- The Washington Times - Wednesday, March 23, 2005

Turkish visit planned

Turkish Prime Minister Recep Tayyip Erdogan is making plans for a visit to Washington as soon as May to help repair relations damaged by the war in Iraq, says a report from the Turkish capital, Ankara.

Turkish and U.S. officials are still discussing the dates and itinerary, a diplomatic source told Reuters news agency yesterday.

The source said the Turkish government is concerned by a growing sense of anti-Americanism in a country that has been a strong U.S. ally as a member of NATO for four decades.

“The anti-Americanism is worrying. It seems to be escalating, and we need to do more to counter it,” the source said.

U.S.-Turkish relations suffered when the Turkish parliament failed to allow the United States to mount a northern front through Turkey in the 2003 invasion of Iraq.

Mr. Erdogan also plans to visit California on his trip, which would come just before U.S. Ambassador Eric Edelman is scheduled to resign. Mr. Edelman, who announced his resignation for personal reasons, has been a target of both the left-wing and nationalist press in Turkey, Reuters said.

Apology accepted

The U.S. ambassador to the Philippines apologized for the way American immigration officials treated the wife of a former Philippines president on a visit to San Francisco over the weekend.

Franklin Drilon, president of the Philippine Senate, yesterday told reporters that he met with Ambassador Francis Ricciardone, who “deeply regretted” the incident involving Luisa Ejercito Estrada, also a member of the Senate.

“Ambassador Ricciardone expressed regret and has assured us of a full report from the U.S. State Department in Washington,” Mr. Drilon said. “He promised to get to the bottom of the case and get details of what actually happened … at the San Francisco airport.”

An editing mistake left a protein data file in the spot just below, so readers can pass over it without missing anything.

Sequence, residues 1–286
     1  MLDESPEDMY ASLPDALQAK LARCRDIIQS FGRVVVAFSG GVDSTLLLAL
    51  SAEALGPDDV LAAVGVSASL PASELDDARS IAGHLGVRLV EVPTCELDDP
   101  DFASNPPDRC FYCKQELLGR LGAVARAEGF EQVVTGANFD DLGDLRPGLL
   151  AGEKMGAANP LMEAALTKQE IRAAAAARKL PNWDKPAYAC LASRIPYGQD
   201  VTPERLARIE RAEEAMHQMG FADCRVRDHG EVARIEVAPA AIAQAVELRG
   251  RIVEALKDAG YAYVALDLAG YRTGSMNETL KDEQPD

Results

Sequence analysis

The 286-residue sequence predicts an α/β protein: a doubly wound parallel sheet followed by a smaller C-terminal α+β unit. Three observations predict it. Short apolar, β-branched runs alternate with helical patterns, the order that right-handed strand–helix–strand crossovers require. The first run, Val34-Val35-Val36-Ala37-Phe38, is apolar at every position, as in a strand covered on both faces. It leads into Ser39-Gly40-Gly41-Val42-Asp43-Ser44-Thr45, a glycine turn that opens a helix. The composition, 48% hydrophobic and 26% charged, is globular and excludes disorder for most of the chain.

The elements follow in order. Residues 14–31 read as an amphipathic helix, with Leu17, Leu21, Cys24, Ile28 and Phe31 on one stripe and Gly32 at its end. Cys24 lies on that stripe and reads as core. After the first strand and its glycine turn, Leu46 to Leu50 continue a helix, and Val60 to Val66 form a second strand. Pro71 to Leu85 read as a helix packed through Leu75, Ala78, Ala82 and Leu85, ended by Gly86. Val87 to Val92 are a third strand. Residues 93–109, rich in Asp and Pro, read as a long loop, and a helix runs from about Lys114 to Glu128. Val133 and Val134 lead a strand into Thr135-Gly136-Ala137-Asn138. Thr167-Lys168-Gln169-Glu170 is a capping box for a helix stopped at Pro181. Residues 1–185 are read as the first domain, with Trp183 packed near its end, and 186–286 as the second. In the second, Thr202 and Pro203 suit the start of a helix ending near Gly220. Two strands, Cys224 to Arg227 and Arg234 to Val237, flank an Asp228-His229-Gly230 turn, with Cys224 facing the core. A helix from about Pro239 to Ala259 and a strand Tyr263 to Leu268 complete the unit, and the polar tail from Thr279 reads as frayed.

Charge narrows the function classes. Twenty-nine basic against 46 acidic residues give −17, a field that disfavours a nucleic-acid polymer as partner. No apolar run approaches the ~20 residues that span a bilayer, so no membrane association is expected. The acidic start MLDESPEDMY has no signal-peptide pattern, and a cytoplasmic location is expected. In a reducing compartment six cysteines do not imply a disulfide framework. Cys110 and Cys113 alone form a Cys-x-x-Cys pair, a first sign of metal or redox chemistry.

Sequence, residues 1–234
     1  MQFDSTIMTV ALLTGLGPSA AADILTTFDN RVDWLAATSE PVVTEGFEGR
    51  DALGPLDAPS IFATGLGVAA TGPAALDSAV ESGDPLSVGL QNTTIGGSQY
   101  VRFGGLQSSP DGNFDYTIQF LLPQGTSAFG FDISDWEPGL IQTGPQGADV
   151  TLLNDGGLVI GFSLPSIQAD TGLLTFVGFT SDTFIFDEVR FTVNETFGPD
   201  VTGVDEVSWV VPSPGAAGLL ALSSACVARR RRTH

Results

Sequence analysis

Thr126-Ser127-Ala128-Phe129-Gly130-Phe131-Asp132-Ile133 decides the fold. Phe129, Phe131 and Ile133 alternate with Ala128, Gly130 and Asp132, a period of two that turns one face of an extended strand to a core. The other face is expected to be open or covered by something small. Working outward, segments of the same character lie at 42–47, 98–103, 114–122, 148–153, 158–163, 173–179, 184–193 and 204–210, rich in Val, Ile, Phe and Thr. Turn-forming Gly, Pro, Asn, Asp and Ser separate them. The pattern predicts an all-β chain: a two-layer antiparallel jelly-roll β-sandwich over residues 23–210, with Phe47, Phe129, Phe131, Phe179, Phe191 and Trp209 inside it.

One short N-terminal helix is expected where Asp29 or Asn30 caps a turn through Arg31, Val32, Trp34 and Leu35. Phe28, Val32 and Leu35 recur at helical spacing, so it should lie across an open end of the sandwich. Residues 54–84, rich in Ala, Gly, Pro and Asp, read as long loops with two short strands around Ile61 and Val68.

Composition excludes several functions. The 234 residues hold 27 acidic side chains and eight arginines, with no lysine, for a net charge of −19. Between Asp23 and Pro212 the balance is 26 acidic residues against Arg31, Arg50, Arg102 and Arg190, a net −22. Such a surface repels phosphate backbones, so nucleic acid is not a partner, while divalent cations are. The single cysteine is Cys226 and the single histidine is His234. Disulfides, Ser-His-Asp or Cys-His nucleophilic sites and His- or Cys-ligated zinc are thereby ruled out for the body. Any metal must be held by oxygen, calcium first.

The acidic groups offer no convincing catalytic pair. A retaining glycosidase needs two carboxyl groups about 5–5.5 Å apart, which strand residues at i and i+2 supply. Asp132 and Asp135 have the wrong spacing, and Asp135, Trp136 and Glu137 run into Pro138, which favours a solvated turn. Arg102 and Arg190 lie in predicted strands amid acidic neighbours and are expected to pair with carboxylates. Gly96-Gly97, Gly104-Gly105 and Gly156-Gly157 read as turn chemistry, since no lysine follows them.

Mrs. Estrada is the wife of former President Joseph Estrada, who was ousted from office in 2001 in a popular uprising that was backed by the army. He is under arrest on charges of embezzling more than $80 million in government funds.

Mrs. Estrada complained that U.S. immigration and homeland security officials detained her for more than 90 minutes and questioned her about her husband’s legal case.

Mr. Drilon said, “I denounce this shabby treatment of a duly elected Filipino senator in the hands of U.S. immigration officials. The unnecessary and uncalled-for harassment of Filipino officials at U.S. airports should stop.”

Silvestre Afable, a spokesman for Philippine President Gloria Macapagal Arroyo, said the government has accepted Mr. Ricciardone’s apology.

“Since the U.S. ambassador has expressed an apology, I think we should leave it at that and leave the U.S. authorities to rectify their procedures so this would not happen again,” Mr. Afable said.

Where right is left

Politics are curious in the Netherlands, Europe’s social laboratory for left-wing experiments.

In the land below sea level, euthanasia, prostitution and same-sex “marriages” are legal and smoking marijuana is allowed in some cafes. Pim Fortuyn, an openly homosexual politician, was denounced as a right-wing extremist and assassinated in 2002 for calling for limits on Dutch immigration policies.

Boudewijn van Eenennaam, the Dutch ambassador to the United States, summed up politics in his country yesterday over lunch with editors and reporters at The Washington Times, as he discussed the difference between American and Dutch conservatives.

The ambassador learned about conservative American politics firsthand, as a diplomat in the Dutch Embassy in the 1980s when Ronald Reagan was president and now with President Bush.

“Where the right stops in the Netherlands,” he said, “the left starts here.”

Call Embassy Row at 202/636-3297, fax 202/832-7278 or e-mail jmorrison@washingtontimes.com.

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